Creationism in Europe, Part 2

Europa and the bull

Stefaan Blancke, a postdoctoral researcher in the department of philosophy and moral sciences at Ghent University in Belgium, and the lead author of “Creationism in Europe: Facts, Gaps, and Prospects,” is here to answer a few questions about the article, as described in part 1.

How did you become interested in writing about creationism in Europe?

I became interested in creationism in Europe through my fascination with evolutionary theory and its enormous explanatory power, not just in regards to the biological world, but also in relation to human thought and behavior. The fact that there are people who are able to deny this, mostly for religious reasons, I find both perplexing and intriguing. Like many people in Europe, I knew about the creationist opposition in the United States. A series of incidents involving creationism or “intelligent design” in several European countries, however, clearly indicated that Europe too has its share of creationism and that European creationists have become more active. That is when we, my supervisor Johan Braeckman and I, decided to devote a study to it. Initially, we focused on the Low Countries, but soon, in collaboration with our Danish colleagues Peter C. Kjærgaard and Hans Henrik Hjermitslev and with the support of Ronald Numbers, the project expanded into a much broader study of creationism in Europe.

What were the most surprising results of your study?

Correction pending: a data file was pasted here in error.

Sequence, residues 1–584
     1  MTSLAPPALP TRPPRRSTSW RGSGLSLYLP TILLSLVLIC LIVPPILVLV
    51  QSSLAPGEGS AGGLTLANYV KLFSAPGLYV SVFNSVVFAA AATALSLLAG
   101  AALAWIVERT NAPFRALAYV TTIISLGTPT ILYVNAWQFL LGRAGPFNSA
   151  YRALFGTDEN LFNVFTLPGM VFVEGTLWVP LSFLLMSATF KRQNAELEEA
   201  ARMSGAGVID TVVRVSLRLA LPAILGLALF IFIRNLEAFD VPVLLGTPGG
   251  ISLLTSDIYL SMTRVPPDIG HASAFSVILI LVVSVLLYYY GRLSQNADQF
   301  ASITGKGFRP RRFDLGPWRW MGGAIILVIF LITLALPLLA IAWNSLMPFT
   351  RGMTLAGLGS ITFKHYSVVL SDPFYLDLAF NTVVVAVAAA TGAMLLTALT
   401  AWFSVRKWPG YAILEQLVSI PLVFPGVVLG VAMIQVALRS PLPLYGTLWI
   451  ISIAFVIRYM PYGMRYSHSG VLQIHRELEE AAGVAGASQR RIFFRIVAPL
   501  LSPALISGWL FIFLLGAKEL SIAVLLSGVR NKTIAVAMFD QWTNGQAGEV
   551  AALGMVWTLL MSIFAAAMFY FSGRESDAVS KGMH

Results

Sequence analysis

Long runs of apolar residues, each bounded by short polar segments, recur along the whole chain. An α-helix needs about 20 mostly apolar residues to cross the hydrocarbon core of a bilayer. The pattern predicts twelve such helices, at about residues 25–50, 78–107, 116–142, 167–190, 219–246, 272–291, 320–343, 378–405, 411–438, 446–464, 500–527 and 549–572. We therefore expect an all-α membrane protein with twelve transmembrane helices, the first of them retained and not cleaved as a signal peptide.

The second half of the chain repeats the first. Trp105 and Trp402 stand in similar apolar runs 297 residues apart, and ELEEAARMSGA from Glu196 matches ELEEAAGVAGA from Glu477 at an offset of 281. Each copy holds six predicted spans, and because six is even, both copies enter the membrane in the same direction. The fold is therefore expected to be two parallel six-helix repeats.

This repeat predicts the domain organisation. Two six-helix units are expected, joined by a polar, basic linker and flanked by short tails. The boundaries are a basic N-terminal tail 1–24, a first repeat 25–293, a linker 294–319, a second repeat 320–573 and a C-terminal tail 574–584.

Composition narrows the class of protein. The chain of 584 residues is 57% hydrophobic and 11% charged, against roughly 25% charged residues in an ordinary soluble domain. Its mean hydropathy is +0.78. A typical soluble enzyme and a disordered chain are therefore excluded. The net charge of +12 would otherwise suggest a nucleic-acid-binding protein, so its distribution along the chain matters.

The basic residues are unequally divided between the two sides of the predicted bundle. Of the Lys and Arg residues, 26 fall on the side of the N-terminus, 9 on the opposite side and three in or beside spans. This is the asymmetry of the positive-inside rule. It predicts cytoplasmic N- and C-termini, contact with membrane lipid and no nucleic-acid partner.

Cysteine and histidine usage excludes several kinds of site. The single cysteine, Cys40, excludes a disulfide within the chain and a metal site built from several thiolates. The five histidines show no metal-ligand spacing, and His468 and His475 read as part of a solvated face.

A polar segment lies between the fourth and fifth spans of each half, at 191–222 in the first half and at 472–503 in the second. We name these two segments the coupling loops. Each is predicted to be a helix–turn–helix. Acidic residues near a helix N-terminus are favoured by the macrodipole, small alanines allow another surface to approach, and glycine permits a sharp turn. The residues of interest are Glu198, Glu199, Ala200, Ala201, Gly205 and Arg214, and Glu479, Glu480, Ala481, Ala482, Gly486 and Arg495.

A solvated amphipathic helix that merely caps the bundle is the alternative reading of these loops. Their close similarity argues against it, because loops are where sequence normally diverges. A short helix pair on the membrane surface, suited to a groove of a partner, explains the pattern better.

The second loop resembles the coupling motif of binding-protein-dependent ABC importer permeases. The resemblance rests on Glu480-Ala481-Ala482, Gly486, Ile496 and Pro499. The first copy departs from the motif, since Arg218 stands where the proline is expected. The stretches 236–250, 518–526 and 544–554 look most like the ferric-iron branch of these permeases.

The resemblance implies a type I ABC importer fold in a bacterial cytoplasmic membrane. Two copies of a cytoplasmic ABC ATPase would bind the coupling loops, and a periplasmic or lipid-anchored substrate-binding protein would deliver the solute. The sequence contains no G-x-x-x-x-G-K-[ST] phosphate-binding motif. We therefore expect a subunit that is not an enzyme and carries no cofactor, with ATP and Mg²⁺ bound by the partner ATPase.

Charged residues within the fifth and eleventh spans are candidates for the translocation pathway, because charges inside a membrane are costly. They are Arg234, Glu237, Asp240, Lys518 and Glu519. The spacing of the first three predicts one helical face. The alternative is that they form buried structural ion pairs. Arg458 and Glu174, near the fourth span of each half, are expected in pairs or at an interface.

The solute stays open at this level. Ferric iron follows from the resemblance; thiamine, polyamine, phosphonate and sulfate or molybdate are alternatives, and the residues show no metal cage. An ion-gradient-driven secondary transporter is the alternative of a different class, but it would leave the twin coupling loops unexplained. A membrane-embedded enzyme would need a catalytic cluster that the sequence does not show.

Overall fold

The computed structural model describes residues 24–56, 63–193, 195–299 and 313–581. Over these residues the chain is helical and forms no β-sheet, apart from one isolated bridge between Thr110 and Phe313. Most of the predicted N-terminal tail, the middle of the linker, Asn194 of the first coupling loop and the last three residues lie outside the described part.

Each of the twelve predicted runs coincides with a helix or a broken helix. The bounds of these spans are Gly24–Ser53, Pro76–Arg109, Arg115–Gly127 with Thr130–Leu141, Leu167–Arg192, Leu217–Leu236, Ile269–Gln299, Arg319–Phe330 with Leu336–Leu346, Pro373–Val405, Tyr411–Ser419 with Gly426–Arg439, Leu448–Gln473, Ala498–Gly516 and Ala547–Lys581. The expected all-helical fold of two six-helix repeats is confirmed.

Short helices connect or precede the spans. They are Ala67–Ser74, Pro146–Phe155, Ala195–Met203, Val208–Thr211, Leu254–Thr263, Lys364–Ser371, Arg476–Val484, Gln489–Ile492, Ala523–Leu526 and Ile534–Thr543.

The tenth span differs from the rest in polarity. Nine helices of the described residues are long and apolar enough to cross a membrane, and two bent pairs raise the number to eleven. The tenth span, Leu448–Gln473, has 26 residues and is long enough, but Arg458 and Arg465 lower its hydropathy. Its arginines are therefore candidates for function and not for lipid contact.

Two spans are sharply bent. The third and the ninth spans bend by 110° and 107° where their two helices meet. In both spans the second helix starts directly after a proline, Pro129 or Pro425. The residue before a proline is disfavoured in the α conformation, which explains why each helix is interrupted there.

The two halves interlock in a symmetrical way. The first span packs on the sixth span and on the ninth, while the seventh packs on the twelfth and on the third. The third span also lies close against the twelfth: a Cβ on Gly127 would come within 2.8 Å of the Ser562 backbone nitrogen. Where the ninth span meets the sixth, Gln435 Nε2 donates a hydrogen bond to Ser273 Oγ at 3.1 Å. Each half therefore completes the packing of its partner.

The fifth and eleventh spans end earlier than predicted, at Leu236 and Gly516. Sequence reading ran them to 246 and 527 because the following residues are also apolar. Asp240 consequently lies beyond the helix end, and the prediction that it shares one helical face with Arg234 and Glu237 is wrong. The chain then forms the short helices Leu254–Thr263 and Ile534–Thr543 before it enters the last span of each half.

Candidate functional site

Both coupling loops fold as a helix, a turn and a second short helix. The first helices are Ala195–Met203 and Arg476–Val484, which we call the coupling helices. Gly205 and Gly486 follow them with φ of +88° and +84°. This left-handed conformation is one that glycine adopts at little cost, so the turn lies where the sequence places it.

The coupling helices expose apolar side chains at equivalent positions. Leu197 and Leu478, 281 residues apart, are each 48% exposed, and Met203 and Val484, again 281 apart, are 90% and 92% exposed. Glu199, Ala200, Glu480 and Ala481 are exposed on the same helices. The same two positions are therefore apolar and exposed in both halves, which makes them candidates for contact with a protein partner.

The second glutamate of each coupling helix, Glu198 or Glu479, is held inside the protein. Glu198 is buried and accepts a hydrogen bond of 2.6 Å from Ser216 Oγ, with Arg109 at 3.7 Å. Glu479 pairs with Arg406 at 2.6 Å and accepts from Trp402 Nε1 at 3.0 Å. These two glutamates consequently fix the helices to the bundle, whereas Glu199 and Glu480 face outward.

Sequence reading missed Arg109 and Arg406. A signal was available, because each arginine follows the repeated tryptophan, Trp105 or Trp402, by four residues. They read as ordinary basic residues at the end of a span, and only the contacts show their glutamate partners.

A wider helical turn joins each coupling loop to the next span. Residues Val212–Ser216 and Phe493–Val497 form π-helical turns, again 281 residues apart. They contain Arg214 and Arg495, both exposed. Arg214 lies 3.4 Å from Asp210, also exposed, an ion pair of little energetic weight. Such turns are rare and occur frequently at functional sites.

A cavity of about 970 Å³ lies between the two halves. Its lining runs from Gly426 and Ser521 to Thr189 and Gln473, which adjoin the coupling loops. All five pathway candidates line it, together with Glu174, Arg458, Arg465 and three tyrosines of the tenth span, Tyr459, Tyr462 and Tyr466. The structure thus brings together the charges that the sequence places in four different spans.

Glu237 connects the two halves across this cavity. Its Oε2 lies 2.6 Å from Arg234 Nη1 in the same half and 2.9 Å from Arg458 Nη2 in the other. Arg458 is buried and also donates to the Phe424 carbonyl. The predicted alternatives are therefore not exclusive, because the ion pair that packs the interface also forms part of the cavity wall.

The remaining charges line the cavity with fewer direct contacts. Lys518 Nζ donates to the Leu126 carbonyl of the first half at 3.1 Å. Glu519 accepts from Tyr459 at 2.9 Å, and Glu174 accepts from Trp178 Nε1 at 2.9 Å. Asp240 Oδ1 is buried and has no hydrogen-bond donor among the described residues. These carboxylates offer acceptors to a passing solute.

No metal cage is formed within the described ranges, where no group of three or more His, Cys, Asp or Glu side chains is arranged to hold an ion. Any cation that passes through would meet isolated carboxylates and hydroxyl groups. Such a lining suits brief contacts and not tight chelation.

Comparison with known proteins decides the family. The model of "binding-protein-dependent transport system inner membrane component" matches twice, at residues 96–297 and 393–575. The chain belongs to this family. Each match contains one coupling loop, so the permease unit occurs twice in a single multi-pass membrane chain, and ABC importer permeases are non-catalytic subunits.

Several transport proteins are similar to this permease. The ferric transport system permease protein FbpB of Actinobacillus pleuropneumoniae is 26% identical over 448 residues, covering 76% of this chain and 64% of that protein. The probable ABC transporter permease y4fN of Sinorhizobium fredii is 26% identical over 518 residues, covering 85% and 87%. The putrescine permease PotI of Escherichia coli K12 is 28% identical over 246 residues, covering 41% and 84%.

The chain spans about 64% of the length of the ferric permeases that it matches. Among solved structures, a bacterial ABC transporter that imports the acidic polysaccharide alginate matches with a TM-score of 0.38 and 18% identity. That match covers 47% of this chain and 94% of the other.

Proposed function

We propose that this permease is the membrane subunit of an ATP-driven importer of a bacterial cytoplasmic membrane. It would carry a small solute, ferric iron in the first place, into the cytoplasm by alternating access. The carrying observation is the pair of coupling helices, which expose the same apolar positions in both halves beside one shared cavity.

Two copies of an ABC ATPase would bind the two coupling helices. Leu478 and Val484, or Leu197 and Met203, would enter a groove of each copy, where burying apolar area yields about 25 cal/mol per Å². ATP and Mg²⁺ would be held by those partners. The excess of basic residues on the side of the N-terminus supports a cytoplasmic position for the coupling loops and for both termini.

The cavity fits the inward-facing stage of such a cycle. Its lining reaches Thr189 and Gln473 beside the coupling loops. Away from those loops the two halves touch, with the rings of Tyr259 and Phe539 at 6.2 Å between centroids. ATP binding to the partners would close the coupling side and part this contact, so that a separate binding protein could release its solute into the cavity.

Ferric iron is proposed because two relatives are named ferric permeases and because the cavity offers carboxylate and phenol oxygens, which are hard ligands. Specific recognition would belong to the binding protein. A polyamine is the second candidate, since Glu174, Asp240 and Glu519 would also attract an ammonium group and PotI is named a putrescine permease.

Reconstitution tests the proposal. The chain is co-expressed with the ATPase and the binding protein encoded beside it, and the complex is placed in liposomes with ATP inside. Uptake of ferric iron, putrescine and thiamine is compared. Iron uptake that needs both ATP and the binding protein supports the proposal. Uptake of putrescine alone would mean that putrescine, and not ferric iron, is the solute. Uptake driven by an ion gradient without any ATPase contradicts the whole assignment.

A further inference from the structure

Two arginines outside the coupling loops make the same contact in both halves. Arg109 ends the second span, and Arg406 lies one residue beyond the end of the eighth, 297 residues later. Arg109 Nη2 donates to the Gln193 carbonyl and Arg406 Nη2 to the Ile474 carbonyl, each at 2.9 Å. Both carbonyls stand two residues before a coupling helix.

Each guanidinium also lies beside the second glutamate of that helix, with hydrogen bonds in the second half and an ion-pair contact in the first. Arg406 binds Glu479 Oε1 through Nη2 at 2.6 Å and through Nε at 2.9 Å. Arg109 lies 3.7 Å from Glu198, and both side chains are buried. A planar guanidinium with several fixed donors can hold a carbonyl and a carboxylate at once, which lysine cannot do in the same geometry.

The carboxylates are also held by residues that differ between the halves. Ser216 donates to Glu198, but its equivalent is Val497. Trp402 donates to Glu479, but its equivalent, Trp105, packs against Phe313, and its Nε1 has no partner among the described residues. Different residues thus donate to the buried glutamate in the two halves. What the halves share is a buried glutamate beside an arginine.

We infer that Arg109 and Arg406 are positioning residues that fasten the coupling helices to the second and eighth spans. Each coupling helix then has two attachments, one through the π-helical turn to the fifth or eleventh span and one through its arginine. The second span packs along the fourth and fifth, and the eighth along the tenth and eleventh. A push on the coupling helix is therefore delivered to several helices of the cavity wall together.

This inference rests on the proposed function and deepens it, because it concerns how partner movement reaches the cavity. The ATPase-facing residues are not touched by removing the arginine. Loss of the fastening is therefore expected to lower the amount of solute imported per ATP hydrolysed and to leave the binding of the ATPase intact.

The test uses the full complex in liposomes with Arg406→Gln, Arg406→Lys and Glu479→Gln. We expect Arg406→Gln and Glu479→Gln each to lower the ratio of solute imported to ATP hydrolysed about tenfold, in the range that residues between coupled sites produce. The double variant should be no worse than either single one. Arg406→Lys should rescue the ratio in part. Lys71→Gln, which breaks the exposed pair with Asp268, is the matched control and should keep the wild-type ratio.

Three things have struck me the most. First, it is generally acknowledged that creationism in Europe is not as big a phenomenon as in the United States. While this is certainly true, and great differences obtain from one European country to the next, I was nonetheless surprised by the ubiquity and popularity of European creationist activism. Second, and relating to the first observation, in some countries, such as Russia, creationism, sometimes through the power of the dominant church, has been able to exert serious societal and political influence. And third, I was impressed with the ease by which creationist beliefs adapt to particular environments, taking on any form and shape that might favor their cultural distribution. In Turkey, they mix with typical Muslim beliefs and fears about the allegedly degrading influence of the Western lifestyle. In Eastern Europe, they tap into fears about Communism and restrictions on freedom of thought. From developmental and cognitive psychology, we know that in general creationist beliefs appeal very strongly to the human mind, but these local allegiances and mutations appear to make such beliefs highly resilient.

Toward the end of your paper, you draw a threefold distinction between intuitive, local, and imported creationism. Can you explain the distinction and its importance?